Draper was silent, and Mr. Spence once more addressed himself to his secretary. “Millner, you’re a reader: I’ve caught you at it. And I know this boy talks to you. What have you got to say? Do you suppose a Bible Class ever hurt anybody?”
Millner paused a moment, feeling all through his nervous system the fateful tremor of the balance. “That’s what I was just trying to tell him, sir—”
“Ah; you were? That’s good. Then I’ll only say one thing more. Your doing what you’ve done at this particular moment hurts me more, Draper, than your teaching the gospel of Jesus could possibly have hurt those young men over in Tenth Avenue.” Mr. Spence arose and restored his watch to his pocket. “I shall want you in twenty minutes, Millner.”
The door closed on him, and for a while the two young men sat silent behind their cigar fumes. Then Draper Spence broke out, with a catch in his throat: “That’s what I can’t bear, Millner, what I simply can’t bear: to hurt him, to hurt his faith in me! It’s an awful responsibility, isn’t it, to tamper with anybody’s faith in anything?”
THE twenty minutes prolonged themselves to forty, the forty to fifty, and the fifty to an hour; and still Millner waited for Mr. Spence’s summons.
During the two years of his secretaryship the young man had learned the significance of such postponements. Mr. Spence’s days were organized like a railway time-table, and a delay of an hour implied a casualty as far-reaching as the breaking down of an express. Of the cause of the present derangement Hugh Millner was ignorant; and the experience of the last months allowed him to fluctuate between conflicting conjectures. All were based on the indisputable fact that Mr. Spence was “bothered”—had for some time past been “bothered.” And it was one of Millner’s discoveries that an extremely parsimonious use of the emotions underlay Mr. Spence’s expansive manner and fraternal phraseology, and that he did not throw away his feelings any more than (for all his philanthropy) he threw away his money. If he was bothered, then, it could be only because a careful survey of his situation had forced on him some unpleasant fact with which he was not immediately prepared to deal; and any unpreparedness on Mr. Spence’s part was also a significant symptom.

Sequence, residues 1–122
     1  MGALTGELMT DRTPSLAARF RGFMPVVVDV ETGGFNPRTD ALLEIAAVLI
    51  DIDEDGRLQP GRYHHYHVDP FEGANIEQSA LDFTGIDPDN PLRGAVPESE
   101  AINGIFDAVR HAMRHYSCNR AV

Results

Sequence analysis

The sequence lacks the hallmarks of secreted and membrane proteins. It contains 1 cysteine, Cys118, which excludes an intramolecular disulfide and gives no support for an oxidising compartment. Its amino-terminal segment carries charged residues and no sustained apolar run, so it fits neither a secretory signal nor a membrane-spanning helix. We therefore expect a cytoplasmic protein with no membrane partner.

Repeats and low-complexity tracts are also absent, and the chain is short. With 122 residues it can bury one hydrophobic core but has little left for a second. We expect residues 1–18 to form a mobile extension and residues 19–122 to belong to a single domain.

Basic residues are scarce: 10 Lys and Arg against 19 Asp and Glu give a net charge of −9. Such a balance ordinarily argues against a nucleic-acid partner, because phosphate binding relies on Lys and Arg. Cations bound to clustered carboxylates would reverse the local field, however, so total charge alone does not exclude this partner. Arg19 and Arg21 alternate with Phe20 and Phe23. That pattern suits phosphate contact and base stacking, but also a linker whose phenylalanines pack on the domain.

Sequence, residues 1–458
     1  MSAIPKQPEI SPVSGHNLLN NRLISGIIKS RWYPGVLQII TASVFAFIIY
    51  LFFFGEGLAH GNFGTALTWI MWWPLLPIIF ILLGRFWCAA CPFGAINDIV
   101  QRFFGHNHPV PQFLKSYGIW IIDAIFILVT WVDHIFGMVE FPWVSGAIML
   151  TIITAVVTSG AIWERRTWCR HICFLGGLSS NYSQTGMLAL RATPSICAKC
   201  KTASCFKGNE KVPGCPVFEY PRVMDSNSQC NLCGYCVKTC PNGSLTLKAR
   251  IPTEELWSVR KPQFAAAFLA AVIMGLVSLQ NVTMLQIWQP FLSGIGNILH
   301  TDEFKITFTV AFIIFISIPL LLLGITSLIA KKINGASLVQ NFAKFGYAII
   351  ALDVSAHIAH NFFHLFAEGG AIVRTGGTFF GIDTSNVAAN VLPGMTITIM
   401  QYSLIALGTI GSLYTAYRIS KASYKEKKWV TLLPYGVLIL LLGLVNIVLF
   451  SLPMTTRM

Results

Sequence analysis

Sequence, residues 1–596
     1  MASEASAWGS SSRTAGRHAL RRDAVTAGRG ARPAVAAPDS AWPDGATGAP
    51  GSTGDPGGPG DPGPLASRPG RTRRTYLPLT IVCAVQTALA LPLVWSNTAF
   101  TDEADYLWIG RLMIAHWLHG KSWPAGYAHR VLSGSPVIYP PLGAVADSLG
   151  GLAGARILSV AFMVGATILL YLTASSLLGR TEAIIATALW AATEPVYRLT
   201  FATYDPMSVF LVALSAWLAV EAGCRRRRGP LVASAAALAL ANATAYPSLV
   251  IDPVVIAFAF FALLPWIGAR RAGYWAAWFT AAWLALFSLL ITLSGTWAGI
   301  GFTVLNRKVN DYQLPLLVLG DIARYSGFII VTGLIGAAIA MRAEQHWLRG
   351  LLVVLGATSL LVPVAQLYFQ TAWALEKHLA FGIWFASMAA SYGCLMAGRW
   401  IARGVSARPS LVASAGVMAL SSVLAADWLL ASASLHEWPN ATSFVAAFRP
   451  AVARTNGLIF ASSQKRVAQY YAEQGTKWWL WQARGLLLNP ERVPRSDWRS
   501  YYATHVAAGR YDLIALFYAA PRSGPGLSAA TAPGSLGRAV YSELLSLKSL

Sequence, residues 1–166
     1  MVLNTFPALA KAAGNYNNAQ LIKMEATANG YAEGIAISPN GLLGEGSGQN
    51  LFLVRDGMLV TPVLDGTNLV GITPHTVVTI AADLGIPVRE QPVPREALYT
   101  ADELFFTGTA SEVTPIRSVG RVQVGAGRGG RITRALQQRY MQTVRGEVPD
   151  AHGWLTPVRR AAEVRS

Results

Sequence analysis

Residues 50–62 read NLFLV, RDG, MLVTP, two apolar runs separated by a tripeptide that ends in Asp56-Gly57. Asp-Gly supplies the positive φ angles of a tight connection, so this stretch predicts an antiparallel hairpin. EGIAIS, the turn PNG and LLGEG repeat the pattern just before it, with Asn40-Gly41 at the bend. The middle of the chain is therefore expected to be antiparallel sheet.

Obviously, Millner’s original conception of his employer’s character had suffered extensive modification; but no final outline had replaced the first conjectural image. The two years spent in Mr. Spence’s service had produced too many contradictory impressions to be fitted into any definite pattern; and the chief lesson Millner had learned from them was that life was less of an exact science, and character a more incalculable element, than he had been taught in the schools. In the light of this revised impression, his own footing seemed less secure than he had imagined,